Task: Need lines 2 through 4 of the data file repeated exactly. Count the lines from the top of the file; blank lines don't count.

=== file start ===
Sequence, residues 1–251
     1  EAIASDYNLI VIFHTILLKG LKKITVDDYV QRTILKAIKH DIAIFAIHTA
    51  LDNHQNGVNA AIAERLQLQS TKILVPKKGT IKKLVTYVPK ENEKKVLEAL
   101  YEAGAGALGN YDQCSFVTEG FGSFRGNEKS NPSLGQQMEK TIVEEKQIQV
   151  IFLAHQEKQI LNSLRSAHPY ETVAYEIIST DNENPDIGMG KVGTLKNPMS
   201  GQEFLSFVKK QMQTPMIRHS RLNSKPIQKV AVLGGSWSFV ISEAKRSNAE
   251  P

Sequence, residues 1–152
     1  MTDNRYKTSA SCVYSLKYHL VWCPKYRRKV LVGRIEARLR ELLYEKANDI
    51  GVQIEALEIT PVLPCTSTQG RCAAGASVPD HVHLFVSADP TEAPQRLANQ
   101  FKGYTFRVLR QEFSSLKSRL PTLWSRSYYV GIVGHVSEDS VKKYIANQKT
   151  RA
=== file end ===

     1  EAIASDYNLI VIFHTILLKG LKKITVDDYV QRTILKAIKH DIAIFAIHTA
    51  LDNHQNGVNA AIAERLQLQS TKILVPKKGT IKKLVTYVPK ENEKKVLEAL
   101  YEAGAGALGN YDQCSFVTEG FGSFRGNEKS NPSLGQQMEK TIVEEKQIQV